For performing the uniform exposure of the strip in a device of the type just described, while the liquid contents of the tank are kept as small as possible, a tank of a design as shown in FIG. 11 is extremely suited. The tank consists of a vertical container 136 with an elongate cross section, the width of which just suffices to permit the vertical entrance of a frame carrying the strip (not shown). The container preferably consists of translucent or transparent plastic material, e.g. uncoloured high density polyethylene or rigid polyvinyl chloride.

Occasionally, the upper end of the container may be slightly widened so as to form a kind of funnel in order to facilitate the smooth entering of the strip carrier in the container.

Near the bottom, the container is provided with an inlet conduit 137 through which the replenishing solution is pumped from a main supply (not shown). The container is further provided with horizontal openings 139 which define the maximum level of the liquid, and through which the surplus flows away in a pan or the like located below the container. At one flat side the container is provided with a light source 140 consisting of an electroluminescent strip connected with two leads to the main supply, which faces with its light emitting side the emulsion side of the strip which is developed in the container. The electroluminescent strip 140 may either be continuously connected to the main supply or only be lit when the strip is immersed already for a given time in the developing liquid.

A developer unit of the kind described is extremely compact, the liquid contents is small so that even after the development of a few strips the developing liquid may be completely replaced by fresh developer, without making the process turn out too expensive.

Further, an apparatus comprising containers of the kind described may have relatively reduced dimensions.

' The feature of the compactness of the processing containers is particularly important when a plurality of such containers must be provided in the apparatus e.g. for developing, rinsing, fixing, bleaching, rinsing, hardening, etc. the photographic material. In case a photographic colour material of the type which forms a direct positive image is processed, the number of processing tanks may still be greater.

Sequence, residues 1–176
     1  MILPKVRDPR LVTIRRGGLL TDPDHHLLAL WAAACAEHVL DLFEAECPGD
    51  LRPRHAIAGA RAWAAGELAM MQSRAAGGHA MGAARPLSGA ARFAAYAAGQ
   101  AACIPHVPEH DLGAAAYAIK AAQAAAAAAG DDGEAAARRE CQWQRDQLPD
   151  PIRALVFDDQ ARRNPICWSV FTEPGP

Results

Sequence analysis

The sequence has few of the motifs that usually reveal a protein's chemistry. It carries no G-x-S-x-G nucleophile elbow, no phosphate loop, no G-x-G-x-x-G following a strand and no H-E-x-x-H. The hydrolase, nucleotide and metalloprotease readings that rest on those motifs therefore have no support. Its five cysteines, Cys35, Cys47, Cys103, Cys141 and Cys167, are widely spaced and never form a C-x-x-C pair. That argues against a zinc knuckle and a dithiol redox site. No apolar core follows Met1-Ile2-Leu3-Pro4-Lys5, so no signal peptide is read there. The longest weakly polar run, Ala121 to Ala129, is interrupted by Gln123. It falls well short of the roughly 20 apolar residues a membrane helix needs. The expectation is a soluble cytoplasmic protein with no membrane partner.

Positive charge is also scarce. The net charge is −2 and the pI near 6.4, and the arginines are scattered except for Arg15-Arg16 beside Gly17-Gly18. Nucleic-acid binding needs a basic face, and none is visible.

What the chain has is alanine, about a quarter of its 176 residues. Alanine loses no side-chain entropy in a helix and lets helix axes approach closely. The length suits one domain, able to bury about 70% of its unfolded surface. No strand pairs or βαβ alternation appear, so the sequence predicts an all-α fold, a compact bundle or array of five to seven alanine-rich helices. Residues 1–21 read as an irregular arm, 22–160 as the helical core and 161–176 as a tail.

In the exposure means for the uniform exposure as described hereinbefore, no particular filter means have been provided. It is clear that a colour filter may be pro-.

vided for transmitting light only in the region where the material is sensitive to the uniform exposure, in order to occasionally limit the radiation towards other strips or parts of the material which have not yet been exposed image-wise. Further, a neutral grey filter or occasionally a heat absorbing filter may be provided for reducing the radiation towards the strip.

The uniform exposure of the material need not necessarily occur below the level of the developing liquid. The exposure means may be located above the said level, and the uniform exposure effected while the strip of material is out of the body of developing liquid, the emulsion side, however, still being covered with a layer of developing liquid which adheres thereto so that the development still continues.

In connection with the latter embodiment, reference may be had to other techniques for applying a layer of a processing liquid to a support, e.g. by means of a kissroller, by spraying, by extrusion from a slit which extends transversely of the strip, etc.

What I claim is: